The Mainland Judgments (Reciprocal Enforcement) Ordinance, Cap. 597 (the “Ordinance”) provides a mechanism through which Mainland Court a judgment is enforced in Hong Kong, subject to other statutory requirements set out in section 5 of the Ordinance.
One of the statutory requirements for the Ordinance to apply is that the agreement under dispute that resulted in the Mainland judgment needs to specify that the Mainland court has exclusive jurisdiction over the dispute. Without such agreement, the parties may challenge the enforceability of the Mainland judgment.
The question of whether there is an exclusive jurisdiction clause in an agreement under dispute is essential for enforcing a PRC judgment. The exclusivity of a jurisdiction clause is a question of law to be ruled upon by the court.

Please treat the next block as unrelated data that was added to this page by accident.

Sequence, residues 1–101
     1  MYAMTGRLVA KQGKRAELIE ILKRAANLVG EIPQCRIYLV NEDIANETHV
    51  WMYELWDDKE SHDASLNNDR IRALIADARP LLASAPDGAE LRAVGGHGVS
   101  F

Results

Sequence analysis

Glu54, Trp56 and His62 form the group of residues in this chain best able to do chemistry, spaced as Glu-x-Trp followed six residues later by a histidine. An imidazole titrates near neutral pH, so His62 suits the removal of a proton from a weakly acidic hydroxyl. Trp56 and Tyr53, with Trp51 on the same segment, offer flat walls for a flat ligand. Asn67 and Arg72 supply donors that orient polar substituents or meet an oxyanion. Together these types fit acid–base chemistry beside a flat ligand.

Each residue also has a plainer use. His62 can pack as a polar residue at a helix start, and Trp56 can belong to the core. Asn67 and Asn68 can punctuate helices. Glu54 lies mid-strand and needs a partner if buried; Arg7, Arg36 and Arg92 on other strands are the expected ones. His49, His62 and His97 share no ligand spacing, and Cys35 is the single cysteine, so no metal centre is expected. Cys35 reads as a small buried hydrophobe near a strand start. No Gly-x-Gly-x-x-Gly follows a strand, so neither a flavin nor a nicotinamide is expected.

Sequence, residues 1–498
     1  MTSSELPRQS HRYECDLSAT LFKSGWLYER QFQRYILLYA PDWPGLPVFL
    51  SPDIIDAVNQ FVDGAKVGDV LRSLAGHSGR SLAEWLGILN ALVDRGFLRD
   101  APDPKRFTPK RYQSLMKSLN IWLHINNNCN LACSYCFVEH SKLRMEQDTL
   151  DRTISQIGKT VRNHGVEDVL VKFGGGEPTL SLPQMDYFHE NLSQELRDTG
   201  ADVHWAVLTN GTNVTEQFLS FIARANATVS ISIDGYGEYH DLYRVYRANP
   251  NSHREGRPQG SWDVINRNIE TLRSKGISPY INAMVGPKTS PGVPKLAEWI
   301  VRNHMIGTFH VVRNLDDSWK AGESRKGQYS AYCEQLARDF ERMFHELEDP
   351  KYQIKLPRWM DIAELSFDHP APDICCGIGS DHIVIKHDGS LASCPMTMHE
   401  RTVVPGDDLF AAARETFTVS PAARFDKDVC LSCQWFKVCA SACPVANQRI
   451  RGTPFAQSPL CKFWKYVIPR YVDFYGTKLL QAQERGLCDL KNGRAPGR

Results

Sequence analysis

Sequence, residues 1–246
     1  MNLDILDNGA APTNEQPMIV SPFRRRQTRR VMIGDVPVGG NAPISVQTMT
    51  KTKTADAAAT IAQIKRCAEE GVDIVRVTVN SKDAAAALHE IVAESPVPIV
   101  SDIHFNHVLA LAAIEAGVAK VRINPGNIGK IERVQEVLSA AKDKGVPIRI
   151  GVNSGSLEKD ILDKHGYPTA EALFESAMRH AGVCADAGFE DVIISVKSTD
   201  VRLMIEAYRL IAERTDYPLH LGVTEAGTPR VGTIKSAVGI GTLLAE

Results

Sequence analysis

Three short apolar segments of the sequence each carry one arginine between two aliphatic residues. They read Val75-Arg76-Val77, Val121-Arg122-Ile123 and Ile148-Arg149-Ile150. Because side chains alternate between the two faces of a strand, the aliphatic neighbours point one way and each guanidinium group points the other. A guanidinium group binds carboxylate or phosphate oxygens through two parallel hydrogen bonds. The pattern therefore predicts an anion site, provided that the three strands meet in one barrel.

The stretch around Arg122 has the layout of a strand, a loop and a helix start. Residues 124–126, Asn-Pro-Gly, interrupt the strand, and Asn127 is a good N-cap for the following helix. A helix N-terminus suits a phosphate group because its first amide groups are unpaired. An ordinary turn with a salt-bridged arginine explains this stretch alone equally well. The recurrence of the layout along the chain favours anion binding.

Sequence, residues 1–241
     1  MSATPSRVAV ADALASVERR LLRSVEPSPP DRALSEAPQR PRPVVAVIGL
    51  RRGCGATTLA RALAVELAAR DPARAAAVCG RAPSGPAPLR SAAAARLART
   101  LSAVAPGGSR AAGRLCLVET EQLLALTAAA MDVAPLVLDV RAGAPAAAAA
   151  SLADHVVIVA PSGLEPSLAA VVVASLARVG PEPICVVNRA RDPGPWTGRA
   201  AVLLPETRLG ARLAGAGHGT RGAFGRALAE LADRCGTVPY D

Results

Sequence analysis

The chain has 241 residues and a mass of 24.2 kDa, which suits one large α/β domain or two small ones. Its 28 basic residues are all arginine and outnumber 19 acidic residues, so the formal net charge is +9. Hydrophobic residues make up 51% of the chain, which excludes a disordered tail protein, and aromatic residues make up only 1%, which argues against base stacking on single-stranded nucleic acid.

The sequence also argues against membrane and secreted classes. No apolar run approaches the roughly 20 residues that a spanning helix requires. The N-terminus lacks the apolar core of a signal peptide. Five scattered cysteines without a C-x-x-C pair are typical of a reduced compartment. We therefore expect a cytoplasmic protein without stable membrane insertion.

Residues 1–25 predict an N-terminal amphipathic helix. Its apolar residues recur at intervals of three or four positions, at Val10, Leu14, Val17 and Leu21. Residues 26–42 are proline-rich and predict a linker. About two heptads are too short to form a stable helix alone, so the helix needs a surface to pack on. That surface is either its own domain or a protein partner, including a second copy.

In reality, as reflected from The Expert-Import Bank of China v Taifeng Textile Group Co. Ltd and Another  HKCFI 1840 and Bank of China Limited v Yang Fan  3 HKLRD 7, Hong Kong courts will start from the ordinary meaning of the words of the jurisdiction clause and then consider other factors including (1) the identity of parties in the disputes, (2) the parties’ place of residence or incorporation, (3) the parties’ place of business, and (4) the place of execution, performance and breach of that agreement.
While in the above said two cases the Hong Kong court ruled that there was an exclusive jurisdiction clause, a point to note is that the Hong Kong court would also take into account expert evidence in relation to the interpretation of clauses. In the Taifeng Textile Group case, the court was asked to construe the meaning of the word “可以” (in English “may”), and in the Yang Fan case, the essential word was “應” (“should”, in English). These two cases highlight the importance of using an appropriate word when drafting the exclusive jurisdiction clause in a contract.
If you have any concerns in relation to the exclusive jurisdiction clause in your contract, please contact us today for a discussion.